Despite the inclusion of nonsuicidal self-injury disorder (NSSID) in the DSM-5, research on NSSID is limited and no studies have examined the full set of DSM-5 NSSID diagnostic criteria. Thus, this study examined the reliability and validity of a new structured diagnostic interview for NSSID (the Clinician-Administered NSSI Disorder Index; CANDI) and provides information on the clinical characteristics and features of DSM-5 NSSID. Data on the interrater reliability, internal consistency, and construct validity of the CANDI and associated characteristics of NSSID were collected in a community sample of young adults (N = 107) with recent recurrent NSSI (≥10 lifetime episodes of NSSI, at least one episode in the past year). Participants completed self-report measures of NSSI characteristics, psychopathology, and emotion dysregulation, as well as diagnostic interviews of borderline personality disorder (BPD) and lifetime mood, anxiety, and substance use disorders. The CANDI demonstrated good interrater reliability and adequate internal consistency. Thirty-seven percent of participants met criteria for NSSID. NSSID was associated with greater clinical and diagnostic severity, including greater NSSI versatility, greater emotion dysregulation and psychopathology, and higher rates of BPD, bipolar disorder, posttraumatic stress disorder, social anxiety disorder, and alcohol dependence. Findings provide support for the reliability, validity, and feasibility of the CANDI.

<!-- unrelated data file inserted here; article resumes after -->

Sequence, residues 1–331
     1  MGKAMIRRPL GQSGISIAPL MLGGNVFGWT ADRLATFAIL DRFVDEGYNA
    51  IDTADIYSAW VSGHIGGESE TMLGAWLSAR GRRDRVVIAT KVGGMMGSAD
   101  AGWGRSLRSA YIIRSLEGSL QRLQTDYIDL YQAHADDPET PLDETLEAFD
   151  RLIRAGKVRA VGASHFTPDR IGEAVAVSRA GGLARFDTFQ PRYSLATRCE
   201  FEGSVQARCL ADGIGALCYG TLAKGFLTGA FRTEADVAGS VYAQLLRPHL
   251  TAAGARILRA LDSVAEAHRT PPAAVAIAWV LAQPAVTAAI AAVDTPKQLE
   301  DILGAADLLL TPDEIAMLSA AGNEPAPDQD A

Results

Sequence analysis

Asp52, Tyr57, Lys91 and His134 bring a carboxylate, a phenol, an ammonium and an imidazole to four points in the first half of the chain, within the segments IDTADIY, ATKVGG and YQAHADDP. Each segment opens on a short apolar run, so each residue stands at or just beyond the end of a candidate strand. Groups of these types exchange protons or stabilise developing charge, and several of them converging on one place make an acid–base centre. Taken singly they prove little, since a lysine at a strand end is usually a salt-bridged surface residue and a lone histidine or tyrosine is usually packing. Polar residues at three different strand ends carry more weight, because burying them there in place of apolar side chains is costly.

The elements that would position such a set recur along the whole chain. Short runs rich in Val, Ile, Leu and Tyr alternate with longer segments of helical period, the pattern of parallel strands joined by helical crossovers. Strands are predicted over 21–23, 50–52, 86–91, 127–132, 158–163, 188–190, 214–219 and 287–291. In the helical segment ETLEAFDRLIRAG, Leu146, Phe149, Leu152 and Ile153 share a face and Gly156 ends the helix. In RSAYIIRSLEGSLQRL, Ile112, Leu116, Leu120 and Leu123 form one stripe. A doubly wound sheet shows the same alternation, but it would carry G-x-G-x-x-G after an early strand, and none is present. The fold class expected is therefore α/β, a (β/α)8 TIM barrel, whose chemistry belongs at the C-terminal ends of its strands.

Keywords: DSM-5; borderline personality disorder; deliberate self-harm; diagnostic assessment; emotion regulation; self-injury.
© The Author(s) 2015.